Imidazolium Salts Mimicking the Structure of Natural Lipids Exploit Remarkable Properties Forming Lamellar Phases and Giant Vesicles
2016-11-29T00:00:00Z (GMT) by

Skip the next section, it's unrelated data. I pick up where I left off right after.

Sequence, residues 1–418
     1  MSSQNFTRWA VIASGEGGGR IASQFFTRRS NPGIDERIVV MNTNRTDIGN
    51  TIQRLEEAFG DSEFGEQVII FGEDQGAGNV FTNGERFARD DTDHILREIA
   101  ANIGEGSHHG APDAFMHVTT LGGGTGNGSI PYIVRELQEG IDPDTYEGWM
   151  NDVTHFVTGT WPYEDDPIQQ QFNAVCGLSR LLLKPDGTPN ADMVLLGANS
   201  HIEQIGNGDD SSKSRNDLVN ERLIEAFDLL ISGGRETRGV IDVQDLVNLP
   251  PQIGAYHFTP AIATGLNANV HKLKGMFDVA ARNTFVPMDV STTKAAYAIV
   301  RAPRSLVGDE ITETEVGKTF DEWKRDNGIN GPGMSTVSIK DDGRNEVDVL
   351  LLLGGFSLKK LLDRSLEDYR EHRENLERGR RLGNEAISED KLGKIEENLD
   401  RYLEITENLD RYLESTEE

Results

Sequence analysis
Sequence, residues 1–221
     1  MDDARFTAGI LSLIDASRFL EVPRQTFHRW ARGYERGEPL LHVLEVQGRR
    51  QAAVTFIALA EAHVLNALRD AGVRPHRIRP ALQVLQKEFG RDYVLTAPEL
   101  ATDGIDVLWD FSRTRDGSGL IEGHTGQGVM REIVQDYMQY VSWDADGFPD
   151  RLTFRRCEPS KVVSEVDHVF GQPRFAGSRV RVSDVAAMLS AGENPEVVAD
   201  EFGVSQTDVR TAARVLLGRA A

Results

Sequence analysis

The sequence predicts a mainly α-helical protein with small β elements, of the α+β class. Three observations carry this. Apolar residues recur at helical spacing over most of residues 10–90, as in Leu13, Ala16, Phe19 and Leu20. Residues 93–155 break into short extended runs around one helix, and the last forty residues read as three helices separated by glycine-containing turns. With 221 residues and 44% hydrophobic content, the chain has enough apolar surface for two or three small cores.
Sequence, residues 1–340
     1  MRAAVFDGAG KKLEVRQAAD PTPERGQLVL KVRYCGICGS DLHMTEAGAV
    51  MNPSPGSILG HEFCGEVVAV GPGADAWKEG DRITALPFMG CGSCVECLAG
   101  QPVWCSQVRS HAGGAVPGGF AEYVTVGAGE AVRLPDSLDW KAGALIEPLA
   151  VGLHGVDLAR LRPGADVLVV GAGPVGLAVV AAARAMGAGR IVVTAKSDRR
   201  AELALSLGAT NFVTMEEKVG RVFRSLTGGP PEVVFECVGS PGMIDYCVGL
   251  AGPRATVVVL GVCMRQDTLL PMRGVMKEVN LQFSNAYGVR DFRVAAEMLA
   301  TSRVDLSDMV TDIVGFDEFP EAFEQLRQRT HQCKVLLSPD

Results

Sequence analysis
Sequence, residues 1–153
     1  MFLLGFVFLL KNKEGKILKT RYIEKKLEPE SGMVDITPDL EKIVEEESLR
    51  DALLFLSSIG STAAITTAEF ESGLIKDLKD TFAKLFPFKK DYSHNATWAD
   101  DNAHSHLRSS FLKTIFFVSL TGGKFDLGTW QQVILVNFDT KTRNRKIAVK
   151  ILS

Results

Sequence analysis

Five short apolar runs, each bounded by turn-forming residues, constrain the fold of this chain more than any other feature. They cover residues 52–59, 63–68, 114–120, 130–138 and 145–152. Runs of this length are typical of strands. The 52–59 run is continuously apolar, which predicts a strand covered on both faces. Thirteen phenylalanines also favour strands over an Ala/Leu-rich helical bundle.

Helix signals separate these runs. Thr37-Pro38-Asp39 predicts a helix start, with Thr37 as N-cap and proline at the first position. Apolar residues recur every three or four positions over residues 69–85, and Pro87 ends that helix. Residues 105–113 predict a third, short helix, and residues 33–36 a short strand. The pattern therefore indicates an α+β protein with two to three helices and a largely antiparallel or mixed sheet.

Tailor-made ionic liquids based on imidazolium salts have recently attracted a large amount of attention because of their extraordinary properties and versatile functionality. An intriguing ability to interact with and stabilize membranes has already been reported for 1,3-dialkylimidazolium compounds. We now reveal further insights into the field by investigating 1,3-dimethyl-4,5-dialkylimidazolium (C<sub><i>n</i></sub>-IMe·HI, <i>n</i> = 7, 11, 15) and 1,3-dibenzyl-4,5-dialkylimidazolium (C<sub><i>n</i></sub>-IBn·HBr, <i>n</i> = 7, 11, 15) salts. Diverse alkyl chain lengths and headgroups differing in their steric demand were employed for the membrane interface interaction with bilayer membranes imitating the cellular plasma membrane. Membrane hydration properties and domain fluidization were analyzed by fluorescent bilayer probes in direct comparison to established model membranes in a buffered aqueous environment, which resembles the salt content and pH of the cytosol of living cells. Membrane binding and insertion was analyzed via a quartz crystal microbalance and confocal laser scanning microscopy. We show that short-chain 4,5-dialkylimidazolium salts with a bulky headgroup were able to disintegrate membranes. Long-chain imidazolium salts form bilayer membrane vesicles spontaneously and autonomously without the addition of other lipids. These 4,5-dialkylimidazolium salts are highly eligible for further biochemical engineering and drug delivery.